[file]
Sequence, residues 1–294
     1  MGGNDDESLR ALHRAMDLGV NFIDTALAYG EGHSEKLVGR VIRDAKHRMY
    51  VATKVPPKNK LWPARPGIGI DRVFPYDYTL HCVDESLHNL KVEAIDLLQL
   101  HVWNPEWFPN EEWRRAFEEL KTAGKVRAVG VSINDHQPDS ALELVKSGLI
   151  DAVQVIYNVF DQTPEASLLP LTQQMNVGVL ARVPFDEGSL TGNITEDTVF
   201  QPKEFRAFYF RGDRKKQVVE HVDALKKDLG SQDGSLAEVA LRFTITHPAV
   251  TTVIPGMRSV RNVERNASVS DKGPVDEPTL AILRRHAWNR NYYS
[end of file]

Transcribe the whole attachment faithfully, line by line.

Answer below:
Sequence, residues 1–294
     1  MGGNDDESLR ALHRAMDLGV NFIDTALAYG EGHSEKLVGR VIRDAKHRMY
    51  VATKVPPKNK LWPARPGIGI DRVFPYDYTL HCVDESLHNL KVEAIDLLQL
   101  HVWNPEWFPN EEWRRAFEEL KTAGKVRAVG VSINDHQPDS ALELVKSGLI
   151  DAVQVIYNVF DQTPEASLLP LTQQMNVGVL ARVPFDEGSL TGNITEDTVF
   201  QPKEFRAFYF RGDRKKQVVE HVDALKKDLG SQDGSLAEVA LRFTITHPAV
   251  TTVIPGMRSV RNVERNASVS DKGPVDEPTL AILRRHAWNR NYYS